Warranty

Canon offers a typical one-year warranty for parts and labor. Canon also offers an extended warranty plan, called CarePak Plus ($110-$150), which covers accidental damage and offers live support. Since the camera is very expensive, you may want to consider this option.

Specs, performance, and use

The EOS 5DS R has a 50.6MP full-frame CMOS sensor powered by two Digic 6 processors. This lets the camera capture 8,688 x 5,792-pixel files at a very respectable 5 frames per second, just like the Sony A7R Mark II. The 50.6MP chip is the most pixels you can get in a DSLR or mirrorless camera, as of this writing.

Having used both the 5DS and 5DS R for a few months, we thought we would be familiar with using them. But we only just scratched the surface of their capabilities, and it will require months of experimenting to become familiar with all the menu options, such as the Fine Detail mode in the Picture Styles menu that gives access to Sharpness sub-settings. We’re sure studio photographers will have a ball with this, but since we’re not studio shutterbugs, all of our shots were handheld.

Unlike Canon’s ultra-high-end pro DSLR, such as the $5,300 EOS-1D X, the 5DS R has a Smart Auto. Normally you would find this on entry- and mid-level DSLRs, so it’s surprising that Canon would put it on here. With that said, we have seen experienced photographers use this mode in situations where they just want to quickly capture a fleeting moment. There are also three custom options available on the dial, as well as a Bulb mode (used for long exposure).

The 5DS R has a native ISO range of 100-6,400 but you can hit 50 and 12,800 via expansion settings. The camera is an excellent low-light performer and our sample subject held up very well to ISO 3,200, and even 12,800 was usable. The built-in optical image stabilization of the zoom did a fine job keeping things steady and sharp.

When we reviewed images on a 27-inch monitor in full and enlarged sizes, we were impressed with the results. Color accuracy was spot on, and we liked the sharpness from the f/4 zoom. Keep in mind that we were also hand-holding the camera for most of our shots. The lenses we used aren’t even Canon’s top or most expensive, so imagine the quality from even better lenses. If you’re a working photographer who has an arsenal of excellent Canon lenses, you should check out the 5DS R or the 5DS if you haven’t already.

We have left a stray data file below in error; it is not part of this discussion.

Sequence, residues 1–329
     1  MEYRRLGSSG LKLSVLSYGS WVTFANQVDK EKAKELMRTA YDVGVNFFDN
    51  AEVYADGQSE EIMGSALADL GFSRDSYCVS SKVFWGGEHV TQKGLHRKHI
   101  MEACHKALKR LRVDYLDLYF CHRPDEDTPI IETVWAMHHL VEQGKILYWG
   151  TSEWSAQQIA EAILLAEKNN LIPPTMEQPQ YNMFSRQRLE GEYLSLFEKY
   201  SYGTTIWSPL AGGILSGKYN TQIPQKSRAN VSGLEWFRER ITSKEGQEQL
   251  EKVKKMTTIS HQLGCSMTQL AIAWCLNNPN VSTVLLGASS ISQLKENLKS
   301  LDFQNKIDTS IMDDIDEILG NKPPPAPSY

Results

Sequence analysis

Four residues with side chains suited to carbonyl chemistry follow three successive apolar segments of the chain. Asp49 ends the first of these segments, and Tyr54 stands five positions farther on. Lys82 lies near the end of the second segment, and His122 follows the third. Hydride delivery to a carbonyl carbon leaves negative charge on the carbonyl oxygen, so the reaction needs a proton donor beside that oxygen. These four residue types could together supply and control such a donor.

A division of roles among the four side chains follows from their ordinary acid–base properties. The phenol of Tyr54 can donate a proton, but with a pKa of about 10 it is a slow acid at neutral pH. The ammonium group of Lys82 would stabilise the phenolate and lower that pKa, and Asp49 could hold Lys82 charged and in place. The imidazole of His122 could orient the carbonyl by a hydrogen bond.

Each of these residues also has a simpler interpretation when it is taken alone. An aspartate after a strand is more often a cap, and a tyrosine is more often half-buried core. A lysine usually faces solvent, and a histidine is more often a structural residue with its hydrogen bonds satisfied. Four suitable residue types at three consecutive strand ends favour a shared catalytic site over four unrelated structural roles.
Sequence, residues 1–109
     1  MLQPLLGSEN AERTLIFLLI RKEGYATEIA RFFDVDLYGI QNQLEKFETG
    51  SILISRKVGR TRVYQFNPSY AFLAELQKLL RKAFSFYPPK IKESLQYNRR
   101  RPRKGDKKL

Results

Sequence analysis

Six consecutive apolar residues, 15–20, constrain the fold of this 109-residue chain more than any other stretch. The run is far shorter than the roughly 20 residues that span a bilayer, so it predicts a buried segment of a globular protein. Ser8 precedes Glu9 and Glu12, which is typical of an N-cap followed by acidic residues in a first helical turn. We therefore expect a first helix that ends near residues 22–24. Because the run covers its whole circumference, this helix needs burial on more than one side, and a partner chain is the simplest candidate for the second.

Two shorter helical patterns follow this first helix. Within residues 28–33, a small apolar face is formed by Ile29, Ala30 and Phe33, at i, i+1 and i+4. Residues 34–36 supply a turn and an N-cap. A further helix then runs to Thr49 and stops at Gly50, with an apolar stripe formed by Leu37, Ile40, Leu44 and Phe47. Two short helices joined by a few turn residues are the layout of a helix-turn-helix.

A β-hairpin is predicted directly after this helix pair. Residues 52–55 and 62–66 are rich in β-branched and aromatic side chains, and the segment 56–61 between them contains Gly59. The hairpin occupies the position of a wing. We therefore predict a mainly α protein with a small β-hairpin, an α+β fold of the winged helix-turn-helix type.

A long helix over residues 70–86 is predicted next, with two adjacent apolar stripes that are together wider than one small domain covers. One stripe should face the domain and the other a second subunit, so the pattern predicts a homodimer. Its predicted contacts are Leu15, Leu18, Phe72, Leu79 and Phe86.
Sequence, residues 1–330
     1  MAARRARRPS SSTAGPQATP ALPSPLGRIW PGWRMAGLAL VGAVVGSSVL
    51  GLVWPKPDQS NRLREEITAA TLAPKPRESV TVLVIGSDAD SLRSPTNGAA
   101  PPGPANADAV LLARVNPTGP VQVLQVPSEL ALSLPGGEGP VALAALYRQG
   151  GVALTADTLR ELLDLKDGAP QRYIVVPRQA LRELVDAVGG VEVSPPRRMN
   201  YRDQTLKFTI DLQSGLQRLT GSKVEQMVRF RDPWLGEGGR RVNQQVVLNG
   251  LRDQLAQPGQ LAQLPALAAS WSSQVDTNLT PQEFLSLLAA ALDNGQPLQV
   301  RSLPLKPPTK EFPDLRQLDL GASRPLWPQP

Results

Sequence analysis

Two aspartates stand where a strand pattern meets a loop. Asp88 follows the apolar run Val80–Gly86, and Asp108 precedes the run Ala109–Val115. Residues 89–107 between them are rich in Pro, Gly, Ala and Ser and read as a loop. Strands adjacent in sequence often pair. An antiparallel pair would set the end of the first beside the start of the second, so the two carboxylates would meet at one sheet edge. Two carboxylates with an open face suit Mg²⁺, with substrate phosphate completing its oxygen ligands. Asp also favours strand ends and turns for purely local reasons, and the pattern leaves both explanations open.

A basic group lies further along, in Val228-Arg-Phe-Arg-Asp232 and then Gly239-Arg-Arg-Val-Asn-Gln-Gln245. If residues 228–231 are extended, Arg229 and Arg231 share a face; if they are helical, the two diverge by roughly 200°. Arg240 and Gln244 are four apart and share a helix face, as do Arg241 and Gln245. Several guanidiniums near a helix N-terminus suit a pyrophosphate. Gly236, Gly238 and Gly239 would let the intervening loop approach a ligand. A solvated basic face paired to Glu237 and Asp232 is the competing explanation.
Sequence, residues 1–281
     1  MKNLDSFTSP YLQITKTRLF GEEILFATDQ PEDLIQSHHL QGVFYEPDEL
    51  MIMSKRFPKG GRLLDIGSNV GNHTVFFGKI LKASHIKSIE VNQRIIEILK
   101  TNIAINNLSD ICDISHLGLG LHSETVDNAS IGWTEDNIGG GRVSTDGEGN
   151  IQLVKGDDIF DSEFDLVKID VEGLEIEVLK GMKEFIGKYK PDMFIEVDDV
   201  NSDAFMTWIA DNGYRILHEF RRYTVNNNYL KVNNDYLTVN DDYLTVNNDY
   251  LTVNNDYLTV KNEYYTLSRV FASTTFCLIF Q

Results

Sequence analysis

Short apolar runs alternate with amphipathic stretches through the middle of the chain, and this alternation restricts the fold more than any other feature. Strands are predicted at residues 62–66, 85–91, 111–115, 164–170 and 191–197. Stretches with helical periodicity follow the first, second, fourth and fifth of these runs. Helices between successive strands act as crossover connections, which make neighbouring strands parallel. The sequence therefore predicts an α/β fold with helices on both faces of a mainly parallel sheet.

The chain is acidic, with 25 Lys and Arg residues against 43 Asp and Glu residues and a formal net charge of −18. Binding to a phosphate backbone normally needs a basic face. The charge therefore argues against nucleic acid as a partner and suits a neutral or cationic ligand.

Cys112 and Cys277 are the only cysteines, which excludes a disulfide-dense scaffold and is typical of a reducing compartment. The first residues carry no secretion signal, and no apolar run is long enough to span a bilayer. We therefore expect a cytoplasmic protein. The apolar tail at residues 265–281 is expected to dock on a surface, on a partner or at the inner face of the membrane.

What’s not so fine is the 5DS R’s movie mode. The one real knock is the very limited and somewhat archaic 1920 x 1080/30p maximum resolution. We’re well aware Canon explicitly stated the 5DS R was designed to maximize still quality, and 30p in itself isn’t terrible (until we all adopt 4K screens, that is). However, in the camera industry, 30p video is well behind DSLR and mirrorless competitors. We shot a number of clips and although the color was all right, the camera had trouble focusing (this can be seen in the clip of rain pouring off a rooftop). Is this the end of the world? Not for photographers, but it’s something to keep in mind if you shoot video as well.

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Conclusion

The DT Accessory Pack

Up your game and the get the most out of your gear with the following extras, hand-picked by our editors:

Canon Battery Pack LP-E6N ($63.63)
The camera sucks up battery power when in Live View mode. If you need this function, pack a spare.

Canon Interface Cable IFC-150U II ($25)
This USB 3.0 cable lets you tether the camera to a computer for fast transfers.

Canon DR-E6 DC Coupler ($44.50)
If you are working indoors, you can provide uninterrupted power to the camera with this accessory.

In terms of camera tech, Canon is to be commended for creating a 50.6MP full-frame DSLR, so it earns our Editor’s Choice. While the near-$4,000 price tag puts it out of reach for consumers, it’s relatively affordable for the type of user this camera is geared toward. To get more megapixels, you’d have to go to medium-format, which are expensive and not as portable. We loved using this camera, and for a photo purist like this reviewer, the pictures have that classic Canon “feel” we’ve always appreciated over the years. This big baby is a winner, as long as filmmaking isn’t at the top of your wish list.

However, like medium-format cameras, the 5DS R requires a commitment. It’s big and bulky, and you’ll need to invest in top-shelf glass if you don’t own any. The 5DS R and 5DS are no brainers for Canon pros who are looking for their next camera body, who need that resolution. For others, there are a lot of versatile options, like Sony’s A7R II (read our comparison, which has the highest-megapixel sensor in a full-frame mirrorless camera, but is far more flexible than the 5DS R) or some future follow-up to the 5D Mark III.

Highs

  • Beautiful 50.6MP stills
  • Excellent optical viewfinder
  • Good low-light performer
  • Affordable alternative to medium-format

Lows

  • Expensive for casual use
  • Video only up to 30p
  • Focusing issues in video recording
  • No built-in wireless

Editors' Recommendations